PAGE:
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Technology can help improve the quality of indoor air as Joe Bradbury discovers

The importance of quality indoor air quality cannot be overstated. Long-term and short-term exposure to indoor air pollution can result in a variety of health problems, such as cancer, heart disease, dementia, and respiratory illnesses.

The World Health Organisation estimates that 3.8 million people worldwide pass away each year from illnesses linked to contaminated indoor air.

Amazingly, the air inside can sometimes be up to 5 times worse than the air outside. Housing Association Magazine’s Joe Bradbury discusses:

Although we frequently associate air pollution with risks encountered outside, we often forget that it is possible for interior air to be contaminated as well. Indoor air quality and human health can be impacted by smoke, vapours, mould, and chemicals found in some paints, furniture, and cleansers.

Due to people spending the majority of their time indoors, buildings have an impact on general well-being.

More than 1,000 persons in Britain were polled by Ribble Cycles, who discovered that 92% of people's weekly time was spent indoors. In addition, Brits also confessed that they spend 1 hour, 37 minutes less outside per day in the winter than they do in the summer.

An airtight building with effective filtration and ventilation will reduce particle penetration by 78%.

Joe Bradbury Joe Bradbury Digital Editor of Housing Association magazine

Indoor pollutants

Technology advancements are somewhat to blame, as many people find it difficult to tear themselves away from TVs, smart devices, and consoles for extended periods of time.

But thankfully technology is also part of the solution, transforming the great indoors into a healthy environment in which we can thrive.

Researchers in environmental health look into how indoor air quality influences people's health and wellbeing.

According to multiple studies, there are now more air pollutants indoors than in the past, which is caused by things like the chemicals used in household items, poor ventilation, rising temperatures and excess humidity.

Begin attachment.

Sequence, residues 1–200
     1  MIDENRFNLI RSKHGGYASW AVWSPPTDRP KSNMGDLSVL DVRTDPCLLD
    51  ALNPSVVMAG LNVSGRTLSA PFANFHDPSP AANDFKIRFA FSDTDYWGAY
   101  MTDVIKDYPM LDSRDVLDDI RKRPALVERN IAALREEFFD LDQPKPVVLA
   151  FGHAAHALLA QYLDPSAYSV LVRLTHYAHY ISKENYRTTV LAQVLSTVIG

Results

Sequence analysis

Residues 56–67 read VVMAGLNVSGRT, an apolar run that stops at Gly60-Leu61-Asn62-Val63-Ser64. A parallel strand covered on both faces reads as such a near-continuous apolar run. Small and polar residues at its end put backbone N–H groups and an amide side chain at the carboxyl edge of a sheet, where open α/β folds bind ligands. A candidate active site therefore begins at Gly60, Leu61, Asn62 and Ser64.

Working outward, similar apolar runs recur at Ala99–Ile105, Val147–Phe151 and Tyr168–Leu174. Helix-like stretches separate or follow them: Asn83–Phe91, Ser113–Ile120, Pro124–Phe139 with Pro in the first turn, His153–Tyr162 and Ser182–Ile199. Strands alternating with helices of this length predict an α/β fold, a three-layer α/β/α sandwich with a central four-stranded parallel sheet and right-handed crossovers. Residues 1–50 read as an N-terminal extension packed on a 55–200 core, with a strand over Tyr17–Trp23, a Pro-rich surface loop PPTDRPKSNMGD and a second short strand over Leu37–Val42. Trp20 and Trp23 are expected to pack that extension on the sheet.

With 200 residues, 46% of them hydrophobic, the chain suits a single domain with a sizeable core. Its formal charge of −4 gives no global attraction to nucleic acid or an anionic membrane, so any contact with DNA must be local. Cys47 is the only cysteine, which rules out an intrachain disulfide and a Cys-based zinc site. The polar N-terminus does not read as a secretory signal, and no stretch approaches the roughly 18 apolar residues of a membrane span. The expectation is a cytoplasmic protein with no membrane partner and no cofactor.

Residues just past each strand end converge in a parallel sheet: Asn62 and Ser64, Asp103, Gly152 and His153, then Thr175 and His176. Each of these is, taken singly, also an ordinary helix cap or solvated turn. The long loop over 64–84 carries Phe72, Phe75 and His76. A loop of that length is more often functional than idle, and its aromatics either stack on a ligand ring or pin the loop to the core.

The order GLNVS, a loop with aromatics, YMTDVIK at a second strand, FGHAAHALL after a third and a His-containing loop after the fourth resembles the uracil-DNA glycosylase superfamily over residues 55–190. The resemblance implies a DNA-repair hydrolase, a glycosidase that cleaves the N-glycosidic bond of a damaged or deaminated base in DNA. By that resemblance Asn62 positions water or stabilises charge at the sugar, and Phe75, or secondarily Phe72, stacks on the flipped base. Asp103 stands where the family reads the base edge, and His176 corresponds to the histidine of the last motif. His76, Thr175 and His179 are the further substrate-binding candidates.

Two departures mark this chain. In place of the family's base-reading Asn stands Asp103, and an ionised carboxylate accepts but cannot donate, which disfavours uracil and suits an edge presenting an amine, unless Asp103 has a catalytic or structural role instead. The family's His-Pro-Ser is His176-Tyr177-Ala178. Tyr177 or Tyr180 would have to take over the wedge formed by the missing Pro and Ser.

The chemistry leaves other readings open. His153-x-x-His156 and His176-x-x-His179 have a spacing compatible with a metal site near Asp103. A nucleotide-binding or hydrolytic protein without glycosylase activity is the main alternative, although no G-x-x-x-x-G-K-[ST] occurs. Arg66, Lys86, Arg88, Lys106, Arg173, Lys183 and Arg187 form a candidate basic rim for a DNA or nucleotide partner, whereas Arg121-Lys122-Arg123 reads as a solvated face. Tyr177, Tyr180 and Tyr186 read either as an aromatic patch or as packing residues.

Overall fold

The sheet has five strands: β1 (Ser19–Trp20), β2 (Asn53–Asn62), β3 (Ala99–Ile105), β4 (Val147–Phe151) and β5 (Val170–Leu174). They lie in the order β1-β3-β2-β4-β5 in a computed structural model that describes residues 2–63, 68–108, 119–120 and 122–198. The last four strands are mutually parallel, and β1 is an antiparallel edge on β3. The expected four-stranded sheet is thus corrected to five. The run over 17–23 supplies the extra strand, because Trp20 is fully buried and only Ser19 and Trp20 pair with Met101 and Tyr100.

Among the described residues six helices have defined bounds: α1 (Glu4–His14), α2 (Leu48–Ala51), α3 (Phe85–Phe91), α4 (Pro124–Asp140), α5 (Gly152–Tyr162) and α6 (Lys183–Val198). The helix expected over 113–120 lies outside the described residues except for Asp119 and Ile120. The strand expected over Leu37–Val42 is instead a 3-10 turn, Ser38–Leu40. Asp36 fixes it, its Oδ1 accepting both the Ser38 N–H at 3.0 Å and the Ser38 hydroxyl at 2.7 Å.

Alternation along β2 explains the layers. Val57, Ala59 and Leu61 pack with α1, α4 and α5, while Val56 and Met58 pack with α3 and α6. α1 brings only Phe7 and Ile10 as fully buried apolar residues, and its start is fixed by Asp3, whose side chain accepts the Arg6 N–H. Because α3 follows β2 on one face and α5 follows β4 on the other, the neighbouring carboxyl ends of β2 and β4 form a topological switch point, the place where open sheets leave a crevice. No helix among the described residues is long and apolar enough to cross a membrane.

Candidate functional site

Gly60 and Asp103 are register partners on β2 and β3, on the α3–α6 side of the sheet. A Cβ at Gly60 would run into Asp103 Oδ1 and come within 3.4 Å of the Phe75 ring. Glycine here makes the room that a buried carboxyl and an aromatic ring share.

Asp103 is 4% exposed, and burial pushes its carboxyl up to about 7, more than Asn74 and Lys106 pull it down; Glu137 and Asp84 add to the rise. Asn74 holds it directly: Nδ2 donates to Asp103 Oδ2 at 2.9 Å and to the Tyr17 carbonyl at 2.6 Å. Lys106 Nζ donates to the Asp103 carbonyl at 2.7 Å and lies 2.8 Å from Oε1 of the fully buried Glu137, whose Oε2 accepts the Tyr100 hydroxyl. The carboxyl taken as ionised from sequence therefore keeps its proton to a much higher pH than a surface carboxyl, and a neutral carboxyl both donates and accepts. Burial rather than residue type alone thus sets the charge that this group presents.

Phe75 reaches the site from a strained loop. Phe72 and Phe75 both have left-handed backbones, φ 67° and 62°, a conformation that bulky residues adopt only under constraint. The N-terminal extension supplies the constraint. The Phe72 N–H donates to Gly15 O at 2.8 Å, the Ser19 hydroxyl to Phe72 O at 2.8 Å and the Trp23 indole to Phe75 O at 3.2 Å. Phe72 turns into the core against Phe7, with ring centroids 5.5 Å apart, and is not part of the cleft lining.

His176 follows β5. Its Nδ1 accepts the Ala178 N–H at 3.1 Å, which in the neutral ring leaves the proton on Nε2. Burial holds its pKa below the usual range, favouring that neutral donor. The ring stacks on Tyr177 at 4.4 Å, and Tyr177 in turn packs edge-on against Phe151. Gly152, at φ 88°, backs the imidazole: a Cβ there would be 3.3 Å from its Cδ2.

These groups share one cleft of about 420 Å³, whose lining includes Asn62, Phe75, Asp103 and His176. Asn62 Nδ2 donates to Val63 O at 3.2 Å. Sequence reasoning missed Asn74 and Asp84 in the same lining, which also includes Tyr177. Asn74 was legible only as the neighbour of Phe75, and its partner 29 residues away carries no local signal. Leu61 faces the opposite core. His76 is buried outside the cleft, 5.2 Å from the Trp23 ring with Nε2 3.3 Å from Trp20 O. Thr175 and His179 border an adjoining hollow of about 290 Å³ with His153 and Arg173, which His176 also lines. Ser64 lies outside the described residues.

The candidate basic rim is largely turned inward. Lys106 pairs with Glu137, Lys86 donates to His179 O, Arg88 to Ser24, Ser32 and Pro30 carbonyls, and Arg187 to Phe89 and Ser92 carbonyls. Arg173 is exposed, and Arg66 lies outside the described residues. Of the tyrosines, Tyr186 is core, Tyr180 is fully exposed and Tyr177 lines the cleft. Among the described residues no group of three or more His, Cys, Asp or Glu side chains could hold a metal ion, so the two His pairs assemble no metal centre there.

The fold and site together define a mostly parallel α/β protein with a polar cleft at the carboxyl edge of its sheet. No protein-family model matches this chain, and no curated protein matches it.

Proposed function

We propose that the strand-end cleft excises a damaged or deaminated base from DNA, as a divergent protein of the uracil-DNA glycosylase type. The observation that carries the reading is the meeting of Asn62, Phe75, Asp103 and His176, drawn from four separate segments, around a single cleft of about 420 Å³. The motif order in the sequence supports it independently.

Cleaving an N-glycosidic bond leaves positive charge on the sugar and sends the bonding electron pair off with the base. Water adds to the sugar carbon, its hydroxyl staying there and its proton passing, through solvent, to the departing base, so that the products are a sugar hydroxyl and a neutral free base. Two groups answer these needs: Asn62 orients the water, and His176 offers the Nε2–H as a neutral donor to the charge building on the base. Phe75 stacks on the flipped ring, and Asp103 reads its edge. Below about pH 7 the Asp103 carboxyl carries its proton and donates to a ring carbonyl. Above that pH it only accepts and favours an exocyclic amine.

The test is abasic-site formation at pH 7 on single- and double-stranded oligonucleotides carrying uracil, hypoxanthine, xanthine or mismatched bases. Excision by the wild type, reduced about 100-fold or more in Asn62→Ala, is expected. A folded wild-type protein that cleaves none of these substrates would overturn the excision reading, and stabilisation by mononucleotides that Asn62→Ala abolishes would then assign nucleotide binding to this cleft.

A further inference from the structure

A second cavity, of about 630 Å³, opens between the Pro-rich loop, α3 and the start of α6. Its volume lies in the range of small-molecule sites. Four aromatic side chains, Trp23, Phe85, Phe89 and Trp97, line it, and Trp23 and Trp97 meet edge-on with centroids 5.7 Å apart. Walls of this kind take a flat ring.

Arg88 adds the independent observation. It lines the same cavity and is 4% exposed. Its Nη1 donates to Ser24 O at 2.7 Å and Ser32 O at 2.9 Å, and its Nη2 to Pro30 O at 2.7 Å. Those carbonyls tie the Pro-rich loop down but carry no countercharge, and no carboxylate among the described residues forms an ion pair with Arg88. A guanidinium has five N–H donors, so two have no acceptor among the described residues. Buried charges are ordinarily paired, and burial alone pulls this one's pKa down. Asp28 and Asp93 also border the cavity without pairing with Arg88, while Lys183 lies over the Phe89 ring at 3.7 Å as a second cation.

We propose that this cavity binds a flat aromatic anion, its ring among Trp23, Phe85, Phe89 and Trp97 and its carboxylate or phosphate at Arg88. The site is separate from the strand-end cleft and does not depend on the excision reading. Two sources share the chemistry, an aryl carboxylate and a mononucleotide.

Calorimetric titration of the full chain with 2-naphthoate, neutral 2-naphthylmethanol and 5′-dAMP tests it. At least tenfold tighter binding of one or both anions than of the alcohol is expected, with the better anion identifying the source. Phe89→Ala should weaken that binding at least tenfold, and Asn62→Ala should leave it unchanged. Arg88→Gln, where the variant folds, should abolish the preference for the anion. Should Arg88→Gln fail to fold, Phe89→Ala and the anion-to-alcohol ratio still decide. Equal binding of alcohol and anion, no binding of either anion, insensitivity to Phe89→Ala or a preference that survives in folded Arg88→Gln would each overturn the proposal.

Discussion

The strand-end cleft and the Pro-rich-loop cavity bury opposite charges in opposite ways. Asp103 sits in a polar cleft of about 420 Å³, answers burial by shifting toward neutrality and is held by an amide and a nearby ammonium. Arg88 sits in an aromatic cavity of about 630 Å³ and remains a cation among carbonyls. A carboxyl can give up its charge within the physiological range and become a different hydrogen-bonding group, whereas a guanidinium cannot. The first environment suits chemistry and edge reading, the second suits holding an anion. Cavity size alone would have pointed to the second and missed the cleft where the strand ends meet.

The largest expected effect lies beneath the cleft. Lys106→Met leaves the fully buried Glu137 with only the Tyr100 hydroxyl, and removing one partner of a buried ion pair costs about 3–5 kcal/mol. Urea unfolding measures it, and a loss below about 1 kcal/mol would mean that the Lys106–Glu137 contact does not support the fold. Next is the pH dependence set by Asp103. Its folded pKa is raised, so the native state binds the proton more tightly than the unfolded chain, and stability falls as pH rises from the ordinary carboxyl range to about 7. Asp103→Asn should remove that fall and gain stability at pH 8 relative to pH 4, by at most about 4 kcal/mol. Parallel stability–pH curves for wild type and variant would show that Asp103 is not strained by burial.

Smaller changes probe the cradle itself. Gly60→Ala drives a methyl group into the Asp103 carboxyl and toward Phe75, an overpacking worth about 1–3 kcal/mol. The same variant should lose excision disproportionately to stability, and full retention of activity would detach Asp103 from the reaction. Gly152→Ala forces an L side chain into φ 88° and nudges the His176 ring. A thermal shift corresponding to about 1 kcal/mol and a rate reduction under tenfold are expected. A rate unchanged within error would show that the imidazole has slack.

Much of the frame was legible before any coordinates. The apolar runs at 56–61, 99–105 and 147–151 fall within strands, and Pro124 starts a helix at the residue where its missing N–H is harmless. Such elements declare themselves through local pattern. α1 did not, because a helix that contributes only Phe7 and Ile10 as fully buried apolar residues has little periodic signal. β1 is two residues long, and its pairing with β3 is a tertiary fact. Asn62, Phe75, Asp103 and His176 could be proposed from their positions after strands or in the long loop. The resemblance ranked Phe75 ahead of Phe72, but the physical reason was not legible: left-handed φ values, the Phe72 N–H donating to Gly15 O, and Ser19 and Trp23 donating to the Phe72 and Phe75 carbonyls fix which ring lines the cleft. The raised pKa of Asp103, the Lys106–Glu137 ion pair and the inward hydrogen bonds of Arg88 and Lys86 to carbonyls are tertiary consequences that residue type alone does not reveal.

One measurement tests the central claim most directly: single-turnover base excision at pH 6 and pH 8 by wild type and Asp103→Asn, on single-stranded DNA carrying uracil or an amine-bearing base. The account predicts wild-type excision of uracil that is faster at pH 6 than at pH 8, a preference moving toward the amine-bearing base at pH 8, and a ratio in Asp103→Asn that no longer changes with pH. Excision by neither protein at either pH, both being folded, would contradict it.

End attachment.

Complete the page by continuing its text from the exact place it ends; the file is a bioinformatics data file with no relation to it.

Even people themselves pollute the air in the form of CO2, human bio-effluents, and biological aerosols like viruses.

Respiratory issues

On average, 3 people a day die from asthma. There are 5.4 million people (1.1 million children and 4.3 million adults) in Great Britain known to be suffering from the condition… and they are just the ones that came forward for treatment. An untold number battle through their symptoms undiagnosed.

The UK has some of the highest asthma rates in Europe. Every day, the lives of three families are devastated by the death of a loved one to an asthma attack, and tragically two thirds of these deaths are preventable.

Indoor air quality is essential in the treatment and prevention of Asthma, along with many other respiratory conditions.

IAQ-improving technologies

You may have already come across devices aimed at improving IAQ, but I'll describe how IAQ-improving technologies like air filters and heat recovery ventilation operate in case you haven't:

MVHR (Mechanical Ventilation with Heat Recovery) provides fresh filtered air into a building whilst retaining most of the energy that has already been used in heating the building. Heat Recovery Ventilation is the solution to the ventilation needs of energy efficient buildings.

The terms "comfort ventilation," "heat recovery ventilation," and "mechanical ventilation with heat recovery" (MVHR) all refer to the same thing.

A correctly installed heat recovery ventilation system maintains air quality while being virtually undetectable by continuously supplying the home with fresh, filtered air.

An airtight building with effective filtration and ventilation is proven to reduce particle penetration by 78%.

In summary

Regular maintenance and servicing of all cooking and heating appliances is one strategy to lower indoor pollution.

A national programme called Carbon Monoxide - Be Alarmed was started in 2008 to lessen the amount of CO-related illnesses and fatalities.

According to estimates, 15 million families in the UK do not get their fuel-burning equipment regularly service. The two major goals of the programme are to increase the installation of audible CO alarms in homes and to promote routine maintenance of fuel-burning appliances.

The dangers of indoor air pollution affect everyone. As an industry, we have the power to ensure the safety of the users and occupants of buildings nationwide.

Although we still have a long way to go, Britain is making brave strides towards a sustainable and healthy future, and it is crucial to address the urgent problem of poor indoor air quality throughout.

Joe Bradbury Digital Editor of Housing Association magazine